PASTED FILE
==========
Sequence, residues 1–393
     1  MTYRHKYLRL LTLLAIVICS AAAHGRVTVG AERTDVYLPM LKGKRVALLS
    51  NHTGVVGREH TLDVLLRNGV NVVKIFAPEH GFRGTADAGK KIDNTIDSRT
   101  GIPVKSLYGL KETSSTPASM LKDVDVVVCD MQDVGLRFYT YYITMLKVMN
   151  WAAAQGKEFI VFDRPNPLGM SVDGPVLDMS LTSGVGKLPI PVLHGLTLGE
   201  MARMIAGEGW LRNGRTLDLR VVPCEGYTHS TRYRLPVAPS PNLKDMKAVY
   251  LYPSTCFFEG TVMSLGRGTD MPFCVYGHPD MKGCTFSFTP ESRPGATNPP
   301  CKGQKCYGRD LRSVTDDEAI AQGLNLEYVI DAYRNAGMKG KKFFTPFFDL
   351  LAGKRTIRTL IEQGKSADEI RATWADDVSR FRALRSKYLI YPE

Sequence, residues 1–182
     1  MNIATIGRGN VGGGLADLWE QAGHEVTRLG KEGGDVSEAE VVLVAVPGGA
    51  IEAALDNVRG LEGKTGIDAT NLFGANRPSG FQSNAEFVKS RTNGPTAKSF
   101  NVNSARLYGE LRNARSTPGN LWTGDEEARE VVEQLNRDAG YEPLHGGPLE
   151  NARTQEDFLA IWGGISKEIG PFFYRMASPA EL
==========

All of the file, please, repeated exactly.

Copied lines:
Sequence, residues 1–393
     1  MTYRHKYLRL LTLLAIVICS AAAHGRVTVG AERTDVYLPM LKGKRVALLS
    51  NHTGVVGREH TLDVLLRNGV NVVKIFAPEH GFRGTADAGK KIDNTIDSRT
   101  GIPVKSLYGL KETSSTPASM LKDVDVVVCD MQDVGLRFYT YYITMLKVMN
   151  WAAAQGKEFI VFDRPNPLGM SVDGPVLDMS LTSGVGKLPI PVLHGLTLGE
   201  MARMIAGEGW LRNGRTLDLR VVPCEGYTHS TRYRLPVAPS PNLKDMKAVY
   251  LYPSTCFFEG TVMSLGRGTD MPFCVYGHPD MKGCTFSFTP ESRPGATNPP
   301  CKGQKCYGRD LRSVTDDEAI AQGLNLEYVI DAYRNAGMKG KKFFTPFFDL
   351  LAGKRTIRTL IEQGKSADEI RATWADDVSR FRALRSKYLI YPE

Sequence, residues 1–182
     1  MNIATIGRGN VGGGLADLWE QAGHEVTRLG KEGGDVSEAE VVLVAVPGGA
    51  IEAALDNVRG LEGKTGIDAT NLFGANRPSG FQSNAEFVKS RTNGPTAKSF
   101  NVNSARLYGE LRNARSTPGN LWTGDEEARE VVEQLNRDAG YEPLHGGPLE
   151  NARTQEDFLA IWGGISKEIG PFFYRMASPA EL